Visceral fat deposition and insulin sensitivity in depressed women with and without comorbid borderline personality disorder

Kai G. Kahl*, Maxim Bester, Wiebke Greggersen, Sebastian Rudolf, Leif Dibbelt, Beate M. Stoeckelhuber, Hans Björn Gehl, Valerija Sipos, Fritz Hohagen, Ulrich Schweiger

*Corresponding author for this work
58 Citations (Scopus)


Objective: Major depressive disorder (MDD) is associated with increased intra-abdominal fat, an important antecedent of noninsulin-dependent diabetes mellitus (NIDDM) and cardiovascular disorders. Furthermore, MDD is commonly accompanied by endocrine and immune dysregulation that has also been discussed in connection with the pathogenesis of NIDDM and ischemic heart disease. In borderline personality disorder (BPD), a dysregulation of the hypothalamic-pituitary-adrenal system has also been described. Therefore, our study aimed at examining visceral fat, insulin resistance, and alterations of cortisol and cytokines in young depressed women with and without comorbid BPD. Methods: Visceral fat was measured in 18 premenopausal women with MDD and in 18 women comorbid with MDD and BPD by means of magnetic resonance tomography at the level of the first lumbar vertebral body. Twelve BPD patients without MDD and 20 healthy women served as the comparison groups. Concentrations of fasting cortisol, tumor necrosis factor-α, and interleukin-6 were measured, and indicators of insulin resistance and β-cell sensitivity were calculated according to the homeostasis assessment model. Results: We found increased visceral fat in women comorbid with MDD and BPD, and to a lesser extent, in women with MDD but without BPD. Insulin sensitivity was reduced in comorbid patients. Serum interleukin-6 (IL-6) and tumor necrosis factor-α concentrations were significantly increased in both groups of depressed patients. Reduced insulin sensitivity correlated with the amount of visceral fat and with serum concentrations of IL-6. Conclusion: Young depressed women with and without comorbid BPD display increased visceral fat and may constitute a risk group for the development of NIDDM and the metabolic syndrome. Our data support the hypothesis that the immune and endocrine alterations associated with MDD and BPD may contribute to the pathophysiologic processes associated with NIDDM.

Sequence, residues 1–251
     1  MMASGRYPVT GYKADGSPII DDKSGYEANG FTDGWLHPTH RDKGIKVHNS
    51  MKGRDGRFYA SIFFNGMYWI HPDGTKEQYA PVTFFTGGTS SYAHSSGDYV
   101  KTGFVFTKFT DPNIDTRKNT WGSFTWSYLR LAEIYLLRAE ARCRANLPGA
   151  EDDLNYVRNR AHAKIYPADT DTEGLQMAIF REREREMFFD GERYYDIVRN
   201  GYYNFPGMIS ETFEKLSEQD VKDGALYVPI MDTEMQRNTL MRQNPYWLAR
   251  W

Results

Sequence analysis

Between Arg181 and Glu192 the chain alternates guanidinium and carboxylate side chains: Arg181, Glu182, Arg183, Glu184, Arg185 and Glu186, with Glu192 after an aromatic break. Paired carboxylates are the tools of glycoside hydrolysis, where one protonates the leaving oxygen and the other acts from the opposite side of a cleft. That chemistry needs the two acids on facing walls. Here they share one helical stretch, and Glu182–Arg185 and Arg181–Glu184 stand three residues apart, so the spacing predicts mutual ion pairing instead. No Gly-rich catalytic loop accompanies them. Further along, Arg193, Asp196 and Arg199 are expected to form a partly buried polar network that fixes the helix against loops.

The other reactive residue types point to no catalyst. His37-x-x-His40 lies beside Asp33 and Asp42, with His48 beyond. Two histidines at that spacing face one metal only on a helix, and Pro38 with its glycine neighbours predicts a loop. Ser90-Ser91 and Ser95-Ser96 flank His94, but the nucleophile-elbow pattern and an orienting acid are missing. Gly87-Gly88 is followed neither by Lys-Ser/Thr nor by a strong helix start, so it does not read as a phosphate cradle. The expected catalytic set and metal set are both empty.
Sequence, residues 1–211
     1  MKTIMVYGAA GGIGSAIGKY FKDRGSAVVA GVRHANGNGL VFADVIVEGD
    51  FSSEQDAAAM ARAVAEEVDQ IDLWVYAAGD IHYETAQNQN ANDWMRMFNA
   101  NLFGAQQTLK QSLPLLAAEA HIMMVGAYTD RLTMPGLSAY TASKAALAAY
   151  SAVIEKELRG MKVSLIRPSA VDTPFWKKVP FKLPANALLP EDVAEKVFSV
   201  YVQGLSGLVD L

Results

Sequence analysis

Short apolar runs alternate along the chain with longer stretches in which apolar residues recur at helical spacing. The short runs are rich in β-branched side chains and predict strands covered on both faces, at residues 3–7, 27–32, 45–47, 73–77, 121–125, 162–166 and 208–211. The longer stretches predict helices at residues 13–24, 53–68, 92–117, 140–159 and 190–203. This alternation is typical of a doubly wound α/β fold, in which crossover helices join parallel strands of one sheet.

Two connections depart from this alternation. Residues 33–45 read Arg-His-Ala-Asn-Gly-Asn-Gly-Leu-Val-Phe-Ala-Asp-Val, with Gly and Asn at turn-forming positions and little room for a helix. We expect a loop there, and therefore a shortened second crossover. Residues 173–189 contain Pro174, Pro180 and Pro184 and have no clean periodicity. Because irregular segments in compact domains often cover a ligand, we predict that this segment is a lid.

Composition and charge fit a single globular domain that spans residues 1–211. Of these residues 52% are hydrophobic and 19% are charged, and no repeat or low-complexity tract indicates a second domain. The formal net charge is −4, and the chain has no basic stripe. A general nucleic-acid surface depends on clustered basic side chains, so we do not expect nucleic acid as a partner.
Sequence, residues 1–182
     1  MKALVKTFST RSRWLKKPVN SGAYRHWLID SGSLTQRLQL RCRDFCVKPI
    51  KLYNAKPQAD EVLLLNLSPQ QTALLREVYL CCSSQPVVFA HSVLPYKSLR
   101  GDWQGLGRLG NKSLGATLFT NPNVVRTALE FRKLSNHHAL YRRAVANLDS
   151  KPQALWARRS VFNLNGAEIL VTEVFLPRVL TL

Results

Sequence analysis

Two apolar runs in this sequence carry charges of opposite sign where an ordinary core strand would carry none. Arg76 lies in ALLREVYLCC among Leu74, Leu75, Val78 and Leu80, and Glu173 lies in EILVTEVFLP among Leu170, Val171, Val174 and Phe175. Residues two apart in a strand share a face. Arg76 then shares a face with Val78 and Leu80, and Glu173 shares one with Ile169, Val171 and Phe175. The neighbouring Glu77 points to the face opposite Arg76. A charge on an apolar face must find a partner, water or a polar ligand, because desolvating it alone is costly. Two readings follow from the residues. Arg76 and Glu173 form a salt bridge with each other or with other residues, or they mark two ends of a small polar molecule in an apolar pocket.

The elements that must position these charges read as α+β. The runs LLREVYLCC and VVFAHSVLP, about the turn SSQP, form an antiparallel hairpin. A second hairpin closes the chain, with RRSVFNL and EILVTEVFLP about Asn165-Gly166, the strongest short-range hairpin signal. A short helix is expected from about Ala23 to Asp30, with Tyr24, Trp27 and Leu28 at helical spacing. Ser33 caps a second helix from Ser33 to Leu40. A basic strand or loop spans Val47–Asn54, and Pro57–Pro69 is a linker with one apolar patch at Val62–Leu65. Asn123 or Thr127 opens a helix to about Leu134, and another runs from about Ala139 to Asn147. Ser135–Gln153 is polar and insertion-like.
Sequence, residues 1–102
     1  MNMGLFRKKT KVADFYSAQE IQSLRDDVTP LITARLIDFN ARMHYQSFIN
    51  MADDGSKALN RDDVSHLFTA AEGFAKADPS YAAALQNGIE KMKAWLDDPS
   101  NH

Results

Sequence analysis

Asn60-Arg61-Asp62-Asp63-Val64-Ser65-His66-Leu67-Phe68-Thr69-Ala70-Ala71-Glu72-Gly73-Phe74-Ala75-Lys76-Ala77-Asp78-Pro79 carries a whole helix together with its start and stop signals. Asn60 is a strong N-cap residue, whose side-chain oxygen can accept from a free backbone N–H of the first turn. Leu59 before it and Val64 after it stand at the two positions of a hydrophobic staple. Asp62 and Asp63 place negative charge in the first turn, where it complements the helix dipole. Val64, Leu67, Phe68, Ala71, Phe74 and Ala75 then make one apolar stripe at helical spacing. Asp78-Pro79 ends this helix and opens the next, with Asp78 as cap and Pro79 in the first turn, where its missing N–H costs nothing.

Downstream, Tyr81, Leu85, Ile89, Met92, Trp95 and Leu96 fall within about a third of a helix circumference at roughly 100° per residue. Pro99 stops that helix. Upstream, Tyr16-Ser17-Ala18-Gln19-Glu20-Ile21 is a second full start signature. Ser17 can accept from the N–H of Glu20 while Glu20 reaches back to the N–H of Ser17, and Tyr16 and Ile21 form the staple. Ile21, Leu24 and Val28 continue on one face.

Original languageEnglish
JournalPsychosomatic Medicine
Issue number3
Pages (from-to)407-412
Number of pages6
Publication statusPublished - 05.2005

Research Areas and Centers

  • Academic Focus: Center for Brain, Behavior and Metabolism (CBBM)


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